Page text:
Bopis is a spicy Filipino dish made from minced pig’s lungs and heart. This can serve as an appetizer for beer and alcoholic beverages; it is also considered a main dish and is best served with steamed white rice.
The recipe of bopis has continually evolved throughout the years. There are recipes with a little bit of sauce in them, while others require to let all the liquid evaporate.
Pichi-pichi is a Filipino dessert made of grated cassava and coconut juice. It is a steamed cake with a texture that is soft, chewy.
Filipino cuisine has a wide variety of kakanin (rice cakes), and pichi-pichi is probably one of the easiest to make. Its process is as simple as combining all the ingredients in one bowl, steaming the mixture in individual molds, and then coating it in grated coconut when cooled. The hardest part of the preparation process is grating the cassava tubers.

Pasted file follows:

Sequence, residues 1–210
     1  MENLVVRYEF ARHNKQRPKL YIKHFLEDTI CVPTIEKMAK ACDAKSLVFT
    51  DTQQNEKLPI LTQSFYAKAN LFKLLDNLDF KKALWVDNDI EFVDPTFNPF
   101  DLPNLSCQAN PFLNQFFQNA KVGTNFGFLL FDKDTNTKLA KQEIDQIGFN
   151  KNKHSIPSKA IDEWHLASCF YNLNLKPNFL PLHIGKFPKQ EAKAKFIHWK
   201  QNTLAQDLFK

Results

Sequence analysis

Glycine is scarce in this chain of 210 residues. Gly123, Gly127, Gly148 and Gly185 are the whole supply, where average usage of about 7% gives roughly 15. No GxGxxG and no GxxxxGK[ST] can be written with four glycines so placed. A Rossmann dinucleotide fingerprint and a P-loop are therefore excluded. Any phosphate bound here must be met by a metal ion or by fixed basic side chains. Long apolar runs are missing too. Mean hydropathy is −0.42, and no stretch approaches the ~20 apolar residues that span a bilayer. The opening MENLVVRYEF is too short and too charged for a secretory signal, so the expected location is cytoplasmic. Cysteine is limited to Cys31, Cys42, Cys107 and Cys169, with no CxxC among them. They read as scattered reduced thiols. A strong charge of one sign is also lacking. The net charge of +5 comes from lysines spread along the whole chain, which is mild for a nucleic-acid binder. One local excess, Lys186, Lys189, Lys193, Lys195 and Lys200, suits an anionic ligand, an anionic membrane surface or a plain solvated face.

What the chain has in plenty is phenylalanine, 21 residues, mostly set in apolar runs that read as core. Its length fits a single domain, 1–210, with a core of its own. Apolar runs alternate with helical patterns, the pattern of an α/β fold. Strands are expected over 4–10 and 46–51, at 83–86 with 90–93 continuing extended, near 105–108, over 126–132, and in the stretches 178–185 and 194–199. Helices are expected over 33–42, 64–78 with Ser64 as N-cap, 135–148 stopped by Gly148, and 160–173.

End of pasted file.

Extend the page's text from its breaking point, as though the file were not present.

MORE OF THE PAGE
Banana Que is made from Saba bananas, then deep-fried and coated in caramelized brown sugar. It is usually skewered on a bamboo stick and is sold on the streets. The skewer stick is just for ease of serving and eating.
This snack is one of the popular street foods in the Philippines. And the name Banana Que was the term Filipinos used because it looks like a barbecue.
Ginataang Bilo-Bilo is a popular Filipino afternoon snack, perfect in the rainy season, which normally falls from July to December.
This sweet soup-like dessert is made with glutinous rice balls, plantain bananas, sweet potatoes, and tapioca pearls cooked in sweet coconut milk. To make it more special, jackfruit is also usually added.